California Proposes Law to Regulate Online Fundraising Platforms

What does this mean for charitable solicitation compliance?

On February 8th, California Assemblywoman Jacqui Irwin introduced Assembly Bill 488, which would establish a new statutory framework for the ever-evolving world of online charitable fundraising platforms.[1]

The proposed  bill for “charitable fundraising platforms” and “platform charities” would require:
(1) “charitable fundraising platforms” and “platform charities” to register and provide reports to the California Attorney General’s office;
(2) conspicuous disclosures to prevent a likelihood of deception, confusion, or misunderstanding;
(3) the platform or platform charity to obtain written consent of any recipient charitable organization before using its name in a solicitation unless specific requirements are met; and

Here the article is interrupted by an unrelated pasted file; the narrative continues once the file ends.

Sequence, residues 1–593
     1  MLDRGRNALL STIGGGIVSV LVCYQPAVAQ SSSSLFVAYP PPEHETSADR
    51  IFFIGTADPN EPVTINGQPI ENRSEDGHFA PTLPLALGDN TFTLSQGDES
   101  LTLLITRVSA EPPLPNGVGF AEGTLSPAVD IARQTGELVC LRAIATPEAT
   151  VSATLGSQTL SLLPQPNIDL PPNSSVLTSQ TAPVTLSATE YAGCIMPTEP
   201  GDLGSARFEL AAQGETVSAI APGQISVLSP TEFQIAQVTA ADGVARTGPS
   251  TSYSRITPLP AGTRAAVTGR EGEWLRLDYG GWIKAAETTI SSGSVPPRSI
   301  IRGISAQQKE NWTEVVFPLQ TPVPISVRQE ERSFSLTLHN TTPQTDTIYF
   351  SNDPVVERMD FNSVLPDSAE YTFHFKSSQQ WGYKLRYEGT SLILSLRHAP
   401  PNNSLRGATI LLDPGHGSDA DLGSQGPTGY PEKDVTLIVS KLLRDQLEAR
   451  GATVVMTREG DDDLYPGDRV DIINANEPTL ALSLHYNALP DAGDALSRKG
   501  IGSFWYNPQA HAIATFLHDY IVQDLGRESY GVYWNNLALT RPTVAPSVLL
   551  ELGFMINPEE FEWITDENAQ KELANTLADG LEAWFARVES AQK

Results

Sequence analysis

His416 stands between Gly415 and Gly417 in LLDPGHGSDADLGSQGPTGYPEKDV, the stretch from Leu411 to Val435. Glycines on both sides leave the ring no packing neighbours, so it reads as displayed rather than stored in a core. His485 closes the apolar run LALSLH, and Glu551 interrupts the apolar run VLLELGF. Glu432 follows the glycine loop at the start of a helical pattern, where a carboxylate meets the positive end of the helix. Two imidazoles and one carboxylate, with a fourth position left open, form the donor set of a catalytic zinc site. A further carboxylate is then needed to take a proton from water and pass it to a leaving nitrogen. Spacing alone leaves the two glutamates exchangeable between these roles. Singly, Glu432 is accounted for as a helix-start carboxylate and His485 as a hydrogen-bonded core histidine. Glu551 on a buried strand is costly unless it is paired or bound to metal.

(4) the funds raised to be held in a separate bank account, and donations and grants of recommended donations to be sent promptly to recipient charities, along with an accounting of any fees imposed for processing the funds.

Key Definitions
The bill defines “charitable fundraising platform” as “any person, corporation, unincorporated association or other legal entity that uses the internet to provide an internet website, service, or other platform to persons in this state, and performs, permits, or otherwise enables acts of solicitation to occur.”  Charitable fundraising platforms would likely include companies such as GoFundMe, Facebook, Amazon, Tiltify, Pledgeling, and the many other technology platforms that enable charitable giving.

“Platform charity” is defined as a trustee or charitable corporation that facilitates acts of solicitation on a charitable fundraising platform.  Platform charities would likely include well-known organizations like PayPal Giving Fund and Network for Good, as well as the many other charities that serve as the intermediary and legal recipient of all donations raised through fundraising platforms.

Disclosure Requirements
If passed, the new law will require charitable fundraising platforms and platform charities to provide all of the following key disclosures to potential donors.